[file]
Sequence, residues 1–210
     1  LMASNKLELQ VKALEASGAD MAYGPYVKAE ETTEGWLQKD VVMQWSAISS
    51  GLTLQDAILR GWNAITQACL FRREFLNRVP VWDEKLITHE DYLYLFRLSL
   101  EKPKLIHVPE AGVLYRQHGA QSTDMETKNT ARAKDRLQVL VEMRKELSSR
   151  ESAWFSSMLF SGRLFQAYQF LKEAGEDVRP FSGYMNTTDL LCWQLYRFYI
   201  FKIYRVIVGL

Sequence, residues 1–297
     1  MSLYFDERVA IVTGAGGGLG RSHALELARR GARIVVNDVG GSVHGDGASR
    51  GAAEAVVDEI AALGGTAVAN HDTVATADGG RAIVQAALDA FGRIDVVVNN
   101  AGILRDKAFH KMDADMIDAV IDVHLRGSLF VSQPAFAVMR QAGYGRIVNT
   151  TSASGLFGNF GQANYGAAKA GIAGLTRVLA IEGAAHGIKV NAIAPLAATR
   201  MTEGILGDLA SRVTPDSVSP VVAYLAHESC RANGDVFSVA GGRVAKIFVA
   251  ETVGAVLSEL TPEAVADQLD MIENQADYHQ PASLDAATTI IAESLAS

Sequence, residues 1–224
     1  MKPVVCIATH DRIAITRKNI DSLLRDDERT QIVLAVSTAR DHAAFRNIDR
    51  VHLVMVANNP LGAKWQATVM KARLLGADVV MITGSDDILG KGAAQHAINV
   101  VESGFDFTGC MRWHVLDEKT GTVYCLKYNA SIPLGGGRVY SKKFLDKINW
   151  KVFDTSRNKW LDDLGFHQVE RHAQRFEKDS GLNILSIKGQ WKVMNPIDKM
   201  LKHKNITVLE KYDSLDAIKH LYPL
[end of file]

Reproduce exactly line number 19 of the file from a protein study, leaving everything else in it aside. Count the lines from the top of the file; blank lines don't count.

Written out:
   201  LKHKNITVLE KYDSLDAIKH LYPL